The forecast of a storm lay in Madame's gray eyes.

"Eh? You wish to placate me, Madame?" thought Maurice.

"He is right, Madame," interposed the countess. "But away with politics! It spoils all it touches."

"And away with the duchess, too," put in Fitzgerald, reaching for a bunch of yellow grapes. "With all due respect to your cause and beliefs, Madame the duchess, your mistress, is a bugbear to me. The very sound of the title arouses in my heart all that is antagonistic."

"You have not seen her Highness, Monsieur," said Madame, quietly. "Perhaps she is all that is desirable. She is known to be rich, her will is paramount to all others. When she sets her heart on a thing she leaves no stone unturned until she procures it. And, countess, do they not say of her that she possesses something-- an attribute--more dangerous than beauty--fascination?"

"Yes, Madame."

"Madame the duchess," said Maurice dryly, "has a stanch advocate in you, Madame."

"It is not unnatural."

"Be that as it may," said Fitzgerald, "she is mine enemy."

"Love your enemies, says the Book," was the interposition of the countess, who stole a sly glance at Maurice which he did not see.

"That would not be difficult--in some cases," replied the Englishman.

"Ah, come," thought Maurice, "my friend is beginning to pick up his lines." Aloud he said: "Madame, will you confer a favor on me by permitting me to inform my superior in Vienna of my whereabouts?"

"No, Monsieur; prisoners are not allowed to communicate with the outside world. Are you not enjoying yourself? Is not everything being done for your material comfort? What complaint have you to offer?"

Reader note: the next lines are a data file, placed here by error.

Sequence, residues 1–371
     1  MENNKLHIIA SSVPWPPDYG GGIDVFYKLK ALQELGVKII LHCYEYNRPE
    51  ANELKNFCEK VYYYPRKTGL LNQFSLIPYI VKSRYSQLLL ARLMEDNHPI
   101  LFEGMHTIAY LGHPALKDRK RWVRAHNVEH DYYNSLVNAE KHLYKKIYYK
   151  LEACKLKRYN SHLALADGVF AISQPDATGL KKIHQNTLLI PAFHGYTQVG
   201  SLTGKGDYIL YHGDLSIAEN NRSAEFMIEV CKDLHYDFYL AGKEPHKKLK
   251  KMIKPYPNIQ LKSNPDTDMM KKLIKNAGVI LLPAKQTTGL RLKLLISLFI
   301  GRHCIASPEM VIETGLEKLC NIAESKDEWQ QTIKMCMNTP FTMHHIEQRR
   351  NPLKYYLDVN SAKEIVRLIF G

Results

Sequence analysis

"A gilded cage is no less a cage."

"It is but temporary. The duchess has commanded that you be held until it is her pleasure to come to the chateau. O, Monsieur, where is your gallantry? Here the countess and I have done so much to amuse you, and you speak of a gilded cage!"

"Pretty bird! pretty bird!" said Maurice, in a piping voice, "will it have some caraway?"

Madame laughed. "Well, I hear the grooms leading the horses under the porte coch,re. Go, then, for the morning ride. I am sorry that I can not accompany you. I have some letters to write."

Fitzgerald curled his mustache. "I'll forswear the ride myself. I was reading a good book last night; I'll finish it, and keep Madame company."

Madame trifled with the toast crumbs. Fitzgerald's profound dissimulation caused a smile to cross Maurice's lips.

"Come, countess," said Maurice, gaily; "we'll take the ride together, since Madame has to write and my lord to read."

"Five minutes until I dress," replied the countess, and she sped away.

"What a beautiful girl!" said Madame, fondly. "Poor dear! Her life has not been a bed of roses."

"No?" said Maurice, while Fitzgerald raised his eyebrows inquiringly.

"No. She was formerly a maid of honor to her Highness. She made an unhappy marriage."

"And where is the count?" asked Fitzgerald in surprise. He shot a glance of dismay at Maurice, who, translating it, smiled.

"He is dead."

Fitzgerald looked relieved.

"What a fine thing it is," said Maurice, rising, "to be a man and wed where and how you will!" He withdrew to the main hall to don his cap and spurs. As he stooped to strap the latter, he saw a sheet of paper, crinkled by recent dampness, lying on the floor. He picked it up--and read it.